Interesting quest mechanics and elements keep it fresh. They’ve fully utilized vehicles and phasing and cutscenes, and it makes for a fun questing experience. I’m questing in Uldum right now, and it almost has a console RPG feel–do some quests, watch a cutscene, do some more quests, watch another cutscene. Although vehicle mechanics are broken right now (it is beta), the ones I’ve done are a blast. Remember the first time you sat on Etymidian’s back? Or the very first time you climbed into an Ulduar Demolisher? It’s that good and better. There’s also some quests that make use of boss-like strategies (a particular one in Deepholm stands out to me) and require you to be fast on your feet and to pay attention, a great thing to keep you engaged in the story.

All of these help to break up the monotony of the not-so-exciting quests. Killing 15 Twilight’s Hammer cultists doesn’t seem so bad when you’ve just spent 5 minutes weakening Baron Geddon or playing a life-or-death game of Truth.

What you do matters. We’re all familiar with the “Go kill 15 pigs because they stink” type of quests. No story attachment, no real motivation, just–this guy wants these pigs dead so we’re going to kill them. A base mercenary at best, a mindless tool at worst.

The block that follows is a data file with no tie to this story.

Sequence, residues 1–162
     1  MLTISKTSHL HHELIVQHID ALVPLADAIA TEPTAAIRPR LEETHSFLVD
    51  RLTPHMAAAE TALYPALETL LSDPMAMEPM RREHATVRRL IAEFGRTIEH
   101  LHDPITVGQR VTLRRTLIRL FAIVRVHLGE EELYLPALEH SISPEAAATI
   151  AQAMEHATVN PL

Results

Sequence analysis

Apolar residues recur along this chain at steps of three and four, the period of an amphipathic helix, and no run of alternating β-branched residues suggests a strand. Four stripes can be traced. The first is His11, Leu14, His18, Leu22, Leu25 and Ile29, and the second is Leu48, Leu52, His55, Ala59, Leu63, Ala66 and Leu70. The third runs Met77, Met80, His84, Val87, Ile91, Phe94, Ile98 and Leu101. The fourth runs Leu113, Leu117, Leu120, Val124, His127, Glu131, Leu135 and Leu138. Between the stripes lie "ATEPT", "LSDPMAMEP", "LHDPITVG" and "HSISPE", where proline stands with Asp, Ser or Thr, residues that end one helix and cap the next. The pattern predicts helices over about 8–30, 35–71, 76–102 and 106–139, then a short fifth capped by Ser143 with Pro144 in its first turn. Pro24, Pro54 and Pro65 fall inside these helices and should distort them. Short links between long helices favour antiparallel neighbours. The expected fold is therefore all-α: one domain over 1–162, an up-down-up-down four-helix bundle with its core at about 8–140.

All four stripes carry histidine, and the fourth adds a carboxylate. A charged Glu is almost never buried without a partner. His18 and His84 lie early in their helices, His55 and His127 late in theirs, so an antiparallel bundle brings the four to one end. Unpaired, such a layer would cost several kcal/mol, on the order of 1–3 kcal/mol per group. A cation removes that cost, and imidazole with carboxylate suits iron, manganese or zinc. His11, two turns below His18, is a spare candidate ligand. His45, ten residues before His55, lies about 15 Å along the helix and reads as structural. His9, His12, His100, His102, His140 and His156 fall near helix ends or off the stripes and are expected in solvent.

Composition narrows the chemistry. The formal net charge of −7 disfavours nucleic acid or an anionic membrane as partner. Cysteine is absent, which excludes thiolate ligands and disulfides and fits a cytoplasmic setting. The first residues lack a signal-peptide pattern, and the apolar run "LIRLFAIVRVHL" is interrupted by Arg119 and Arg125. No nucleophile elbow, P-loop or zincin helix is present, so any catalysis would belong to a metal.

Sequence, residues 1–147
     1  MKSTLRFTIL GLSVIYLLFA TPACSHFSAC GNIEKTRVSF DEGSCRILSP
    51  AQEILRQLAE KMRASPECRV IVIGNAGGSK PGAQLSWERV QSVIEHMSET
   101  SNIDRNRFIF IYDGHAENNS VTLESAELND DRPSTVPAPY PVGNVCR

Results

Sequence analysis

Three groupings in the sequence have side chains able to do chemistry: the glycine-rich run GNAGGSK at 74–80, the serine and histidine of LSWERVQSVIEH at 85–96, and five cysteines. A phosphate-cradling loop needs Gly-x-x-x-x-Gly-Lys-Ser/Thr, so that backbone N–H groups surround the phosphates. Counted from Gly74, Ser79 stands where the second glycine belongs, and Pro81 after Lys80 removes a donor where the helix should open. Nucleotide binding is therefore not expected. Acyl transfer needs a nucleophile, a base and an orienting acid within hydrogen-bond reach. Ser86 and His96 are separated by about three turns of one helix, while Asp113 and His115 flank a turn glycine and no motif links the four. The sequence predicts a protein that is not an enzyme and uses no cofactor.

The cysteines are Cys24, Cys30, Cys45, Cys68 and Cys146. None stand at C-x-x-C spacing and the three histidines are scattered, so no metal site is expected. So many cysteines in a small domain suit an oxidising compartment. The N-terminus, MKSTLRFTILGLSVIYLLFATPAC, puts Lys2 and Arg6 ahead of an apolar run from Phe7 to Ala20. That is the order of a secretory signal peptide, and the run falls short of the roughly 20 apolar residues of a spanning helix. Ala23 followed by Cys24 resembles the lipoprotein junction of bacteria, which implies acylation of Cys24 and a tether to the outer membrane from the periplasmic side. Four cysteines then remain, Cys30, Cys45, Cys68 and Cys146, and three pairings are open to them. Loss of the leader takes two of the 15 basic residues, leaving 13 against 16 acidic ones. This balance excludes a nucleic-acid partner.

In Cataclysm so far, the story lines are super clear and easy to follow. Each zone has a common thread, and the quests lead you along that thread.

The best metaphor I have is this: each zone is a storybook and you are the main character. They’re built from the ground up just like you learned in grade school. Granted, there are a lot of subtle and intricate parts, but the baseline components are there:

Introduction: You arrive in the zone, often because you were sent. You usually walk into some chaotic situation, and you are briefed on the situation as it has existed before your arrival. There’s a term usually used in literary references for this type of storytelling: in medias res. It’s Latin for “in the middle of things.” That’s exactly how your story starts–you’re thrown right into the middle of things.

In Medias Res

Characters: In addition to you–and yes, you are very much a character in this story; things in the story and in the zone change as you quest through them, affecting the outcome–there are generally a few characters who you encounter frequently through the course of the questing. For instance, you’ll visit Ysera several times while questing through Hyjal, and you’ll meet a young tol’vir prince in Uldum (you might also see a few other familiar faces). There are characters to like, to be annoyed with, to make fun of, and to hate; there are good guys and villians and quirky gnomes and crazy explorers and lots of people with things that fly and explode (awesome, right?).